Monthly Archive for April, 2008

Waiting for the “social media strategist” interview report?

I’m quite done with Part 2 of “So… Would you hire a social media strategist” (see Part 1). Right now I’m just getting approvals for the quotes I’ll be using before publishing. While waiting for my upcoming interview report, why not follow up on a few interesting links interviewees have sent in?

Have you any favorite links about social media? Which links do you tend to give friends who ask you about blogging, twitter, etc?

Ethnographic: A Teenage Girl’s Facebook Friend List

Facebook friends list template

“The following event is real but the names have been changed to protect the innocent”

While some of us struggle to manage our online relationships, no one does it better than teenage girls who spend a lot of their online time on social networking sites. They’ve learned to micro-manage their lives with the level of detail certified accountants do with internal audits.

Always interested in how the experts do it, I got a chance to sit through a demo of how 18 year old Sarah sorts her Facebook friends. From using the limited profile feature to reduce exposure to specific colleagues, bosses or creeps (real-life creeps on the rise?), to using the Friend List feature in an extensive way to delineate clusters of relationships (as shown above).

Sarah does represent a heavy Facebook user, blogging via Facebook notes, picky with her Facebook apps, but a deep user of the platform nonetheless. She explores and utilizes every aspect of the social networking service until she has it is sufficiently under her control.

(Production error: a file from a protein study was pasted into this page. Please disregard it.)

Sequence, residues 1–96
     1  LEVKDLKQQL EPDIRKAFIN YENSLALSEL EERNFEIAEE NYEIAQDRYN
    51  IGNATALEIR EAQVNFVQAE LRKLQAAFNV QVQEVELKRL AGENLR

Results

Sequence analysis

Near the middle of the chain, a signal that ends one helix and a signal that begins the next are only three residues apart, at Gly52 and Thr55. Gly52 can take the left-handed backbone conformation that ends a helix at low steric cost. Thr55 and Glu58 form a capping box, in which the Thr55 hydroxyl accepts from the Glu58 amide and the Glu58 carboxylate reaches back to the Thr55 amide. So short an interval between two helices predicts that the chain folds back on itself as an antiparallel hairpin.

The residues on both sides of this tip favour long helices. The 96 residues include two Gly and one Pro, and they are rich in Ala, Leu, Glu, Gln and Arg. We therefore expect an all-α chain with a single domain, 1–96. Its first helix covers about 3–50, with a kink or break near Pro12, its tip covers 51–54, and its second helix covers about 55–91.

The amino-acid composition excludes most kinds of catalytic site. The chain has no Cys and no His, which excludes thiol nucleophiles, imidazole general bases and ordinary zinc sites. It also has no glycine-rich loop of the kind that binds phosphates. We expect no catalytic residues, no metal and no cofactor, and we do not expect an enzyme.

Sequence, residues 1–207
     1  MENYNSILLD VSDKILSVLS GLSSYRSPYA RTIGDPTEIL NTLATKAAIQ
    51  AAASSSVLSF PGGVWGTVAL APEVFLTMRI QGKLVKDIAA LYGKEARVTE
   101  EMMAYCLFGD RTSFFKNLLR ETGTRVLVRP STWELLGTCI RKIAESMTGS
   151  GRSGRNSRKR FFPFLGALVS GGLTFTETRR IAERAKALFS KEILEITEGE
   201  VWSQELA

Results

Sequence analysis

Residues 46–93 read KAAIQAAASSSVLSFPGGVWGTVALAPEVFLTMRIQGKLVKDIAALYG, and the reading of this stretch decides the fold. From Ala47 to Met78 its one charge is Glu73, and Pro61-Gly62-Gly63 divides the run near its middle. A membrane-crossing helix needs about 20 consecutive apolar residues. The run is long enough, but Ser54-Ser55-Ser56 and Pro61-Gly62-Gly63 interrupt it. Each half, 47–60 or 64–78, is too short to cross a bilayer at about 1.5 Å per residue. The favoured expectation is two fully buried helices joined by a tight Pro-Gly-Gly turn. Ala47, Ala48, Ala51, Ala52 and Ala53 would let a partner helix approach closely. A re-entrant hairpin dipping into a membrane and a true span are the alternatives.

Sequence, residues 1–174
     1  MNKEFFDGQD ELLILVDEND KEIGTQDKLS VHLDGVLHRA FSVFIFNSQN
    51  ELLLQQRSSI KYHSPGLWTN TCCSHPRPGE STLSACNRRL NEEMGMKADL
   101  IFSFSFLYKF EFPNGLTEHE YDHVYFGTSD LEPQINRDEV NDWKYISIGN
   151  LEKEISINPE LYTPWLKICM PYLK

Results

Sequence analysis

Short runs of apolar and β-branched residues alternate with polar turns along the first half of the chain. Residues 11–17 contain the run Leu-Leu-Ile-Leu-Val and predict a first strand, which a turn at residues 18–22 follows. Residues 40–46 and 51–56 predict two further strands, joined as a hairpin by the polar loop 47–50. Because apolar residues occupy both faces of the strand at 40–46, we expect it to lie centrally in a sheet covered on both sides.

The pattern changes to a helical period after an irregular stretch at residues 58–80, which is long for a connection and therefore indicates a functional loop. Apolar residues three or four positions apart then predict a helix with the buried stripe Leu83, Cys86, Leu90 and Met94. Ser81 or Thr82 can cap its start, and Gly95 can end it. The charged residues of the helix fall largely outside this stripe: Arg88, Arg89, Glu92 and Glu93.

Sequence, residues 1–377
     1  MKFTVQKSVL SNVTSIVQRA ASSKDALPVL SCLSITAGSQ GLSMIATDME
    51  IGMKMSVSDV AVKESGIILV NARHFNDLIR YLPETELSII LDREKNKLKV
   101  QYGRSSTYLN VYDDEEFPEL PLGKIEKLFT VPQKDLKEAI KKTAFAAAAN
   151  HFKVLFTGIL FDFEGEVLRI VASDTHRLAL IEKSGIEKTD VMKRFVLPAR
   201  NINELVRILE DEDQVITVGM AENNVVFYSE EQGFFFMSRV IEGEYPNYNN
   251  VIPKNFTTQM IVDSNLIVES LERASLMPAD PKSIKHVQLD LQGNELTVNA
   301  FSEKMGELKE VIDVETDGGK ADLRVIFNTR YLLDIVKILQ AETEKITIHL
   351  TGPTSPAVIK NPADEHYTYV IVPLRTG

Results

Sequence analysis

When asked of what she thought about Facebook Chat, she disliked it saying how it just makes it “too creepy”. She currently prefers bantering with friends via Wall-to-Wall, perhaps something to do with anticipation, surprise and reduced attention it requires compared to a live conversation. Sharing her sentiment, we compared the number of Facebook friends reported online through her Online Friends page with the number reported in the Facebook Chat feature, and discovered that a majority of her friends have indeed turned off their chat status entirely.

For the rest of us, maintaining our online relationships can be a lot of work, especially if you use Facebook sparingly just to maintain presence. If you want some basics on maintaining privacy on Facebook (or to help your child’s manage his / her online presence), this video tutorial gives a good demo of how to go about it. Just excuse the heavy British Aussie accent. ;)

GTA IV + Euphoria engine = Mimicking Life on Screen